The strength of this article is in its discussion of an often forgotten part of greening a facility—the use of environmentally safe cleaning products and practices. The Alameda County Juvenile Justice Center in San Leandro, California is the green facility that has achieved LEED (Leadership in Energy and Environmental Design) certification.
“Your Source for News and Information on Environmentally Responsible Products and Services in the Corrections Industry.” Points of access are: about greenprisons; facility; newslinks; conferences; webinars; green programs; and resources.
"The Oregon Department of Corrections (DOC) is committed to sustainable operations to protect our natural environment and improve quality of life for healthier communities. Sustainable practices will protect our environment, save taxpayer money, and model positive practices to the adults in DOC" (p. 3). This publication illustrates how the Oregon DOC is working on increasing its sustainable operations. Topics covered include: the creation of a sustainable system; field mowing program; Sustainability in Prisons Project (SPP); solar hot water; recycling; EarthWISE certification; animal rehabilitation; fuel efficiency; community involvement; LED lighting; geothermal and alternative energy efficiency; utility tracking; Biochemical Oxygen Demand (BOD) reduction; organic gardening and composting; Canine Companions for Independence (CCI); eco-roof; Environmentally Preferable Purchasing (EPP)—"buying green"; Oregon Accountability Model (OAM); conservation; and greenhouse ecology.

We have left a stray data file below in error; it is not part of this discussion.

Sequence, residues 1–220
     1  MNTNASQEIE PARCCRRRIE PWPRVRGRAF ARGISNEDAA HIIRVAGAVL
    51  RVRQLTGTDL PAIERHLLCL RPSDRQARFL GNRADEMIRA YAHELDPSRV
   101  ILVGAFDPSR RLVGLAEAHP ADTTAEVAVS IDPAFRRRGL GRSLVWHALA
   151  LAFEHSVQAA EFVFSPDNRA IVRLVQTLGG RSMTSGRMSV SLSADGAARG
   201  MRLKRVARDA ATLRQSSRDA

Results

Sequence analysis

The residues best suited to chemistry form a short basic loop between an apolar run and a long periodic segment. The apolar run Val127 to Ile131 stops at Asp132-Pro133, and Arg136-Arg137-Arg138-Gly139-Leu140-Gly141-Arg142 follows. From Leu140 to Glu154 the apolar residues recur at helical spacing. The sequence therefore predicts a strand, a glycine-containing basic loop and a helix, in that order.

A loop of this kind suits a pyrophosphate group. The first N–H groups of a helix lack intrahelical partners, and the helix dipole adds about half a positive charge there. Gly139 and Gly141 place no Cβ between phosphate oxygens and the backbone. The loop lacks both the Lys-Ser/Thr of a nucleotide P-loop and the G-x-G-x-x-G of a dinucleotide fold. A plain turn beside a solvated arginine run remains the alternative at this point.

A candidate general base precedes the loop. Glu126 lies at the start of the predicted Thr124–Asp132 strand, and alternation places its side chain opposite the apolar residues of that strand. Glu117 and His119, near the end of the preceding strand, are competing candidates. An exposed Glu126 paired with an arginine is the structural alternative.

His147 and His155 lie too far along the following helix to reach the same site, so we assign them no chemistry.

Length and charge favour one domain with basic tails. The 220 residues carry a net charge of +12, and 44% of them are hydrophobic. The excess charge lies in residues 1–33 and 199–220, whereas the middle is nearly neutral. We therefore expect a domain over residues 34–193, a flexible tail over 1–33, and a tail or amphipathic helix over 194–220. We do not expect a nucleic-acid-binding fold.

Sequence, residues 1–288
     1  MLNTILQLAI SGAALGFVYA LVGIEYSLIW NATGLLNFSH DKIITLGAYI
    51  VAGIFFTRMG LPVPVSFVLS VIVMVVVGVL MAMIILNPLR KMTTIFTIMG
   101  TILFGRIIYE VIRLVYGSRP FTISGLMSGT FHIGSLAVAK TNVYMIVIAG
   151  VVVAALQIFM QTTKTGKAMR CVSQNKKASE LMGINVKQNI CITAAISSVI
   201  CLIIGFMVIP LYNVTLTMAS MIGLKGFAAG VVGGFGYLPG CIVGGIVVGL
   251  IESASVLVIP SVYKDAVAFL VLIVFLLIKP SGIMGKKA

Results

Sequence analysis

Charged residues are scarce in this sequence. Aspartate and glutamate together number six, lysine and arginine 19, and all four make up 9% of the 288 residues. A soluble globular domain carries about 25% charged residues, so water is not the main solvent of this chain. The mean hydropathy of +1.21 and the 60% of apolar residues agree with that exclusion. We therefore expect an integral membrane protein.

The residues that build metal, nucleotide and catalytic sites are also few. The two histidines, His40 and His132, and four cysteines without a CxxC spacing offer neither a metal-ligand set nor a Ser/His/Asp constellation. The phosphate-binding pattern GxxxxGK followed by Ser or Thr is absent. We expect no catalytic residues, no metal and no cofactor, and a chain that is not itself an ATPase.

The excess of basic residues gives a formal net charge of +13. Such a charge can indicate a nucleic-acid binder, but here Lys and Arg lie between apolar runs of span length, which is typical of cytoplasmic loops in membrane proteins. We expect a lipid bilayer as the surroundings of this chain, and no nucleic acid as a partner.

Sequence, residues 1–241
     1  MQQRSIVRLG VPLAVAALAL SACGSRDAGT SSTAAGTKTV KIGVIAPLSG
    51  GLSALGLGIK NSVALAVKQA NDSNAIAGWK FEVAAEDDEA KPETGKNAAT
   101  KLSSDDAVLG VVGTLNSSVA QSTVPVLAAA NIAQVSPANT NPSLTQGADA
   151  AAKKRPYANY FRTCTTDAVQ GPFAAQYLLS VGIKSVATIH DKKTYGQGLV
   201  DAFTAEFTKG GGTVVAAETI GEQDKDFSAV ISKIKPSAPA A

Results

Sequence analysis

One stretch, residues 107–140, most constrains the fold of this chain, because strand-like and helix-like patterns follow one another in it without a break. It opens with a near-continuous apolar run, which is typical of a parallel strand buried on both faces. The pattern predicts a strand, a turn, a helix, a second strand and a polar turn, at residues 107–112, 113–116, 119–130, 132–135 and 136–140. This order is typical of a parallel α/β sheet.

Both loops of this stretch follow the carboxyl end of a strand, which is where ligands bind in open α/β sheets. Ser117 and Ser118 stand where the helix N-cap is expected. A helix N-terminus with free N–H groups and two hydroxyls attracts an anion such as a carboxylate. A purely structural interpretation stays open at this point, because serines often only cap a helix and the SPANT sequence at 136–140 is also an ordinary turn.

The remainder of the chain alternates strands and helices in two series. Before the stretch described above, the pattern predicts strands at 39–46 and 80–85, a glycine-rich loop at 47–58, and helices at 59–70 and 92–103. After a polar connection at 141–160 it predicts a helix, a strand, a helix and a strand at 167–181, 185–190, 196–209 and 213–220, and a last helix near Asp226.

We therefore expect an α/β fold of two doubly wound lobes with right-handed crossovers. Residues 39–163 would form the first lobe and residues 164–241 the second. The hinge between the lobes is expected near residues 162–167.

“This white paper describes the issues facing corrections policy and leadership as the impacts of climate change and its related consequences confront departments, agencies, and facilities in coming years. Not only will corrections have to manage the effects of more extreme weather and temperatures than in the past. Corrections will also have to develop and improve its flexibility and resiliency in its operations to weather the multiple coming changes while maintaining its core functions of protecting the public, corrections staffs, and offenders” (p. 1). This publication will explain how you can deal with these challenges. Sections of this document include: introduction to climate change and corrections; the potential impact; the role of leadership; resilience-oriented leadership; and concluding observations.
“A look at the past, present, and future of the Sustainability in Prisons Project in Washington state commemorating the 5th anniversary of the project's inception. The project is a partnership between the Washington State Department of Corrections and the Evergreen State College.”
This program "addressed Green Corrections and the Green Corrections Challenge; an effort to document what agencies are doing to support environmental improvements within correctional facilities". This endeavor is funded by the National Institute of Corrections (NIC).
This report is a great description of the three-phase Green Corrections project, sponsored by the National Institute of Corrections (NIC). The following sections comprise this publication: overview of the project; “The Greening of Corrections: Creating a Sustainable System”—the publication and its dissemination; developing a community of practice and providing technical assistance to states; application process; Maryland, Minnesota, and Washington addressing a different technical assistance need for their strategic action plan session; green procurement; and sustainability meeting.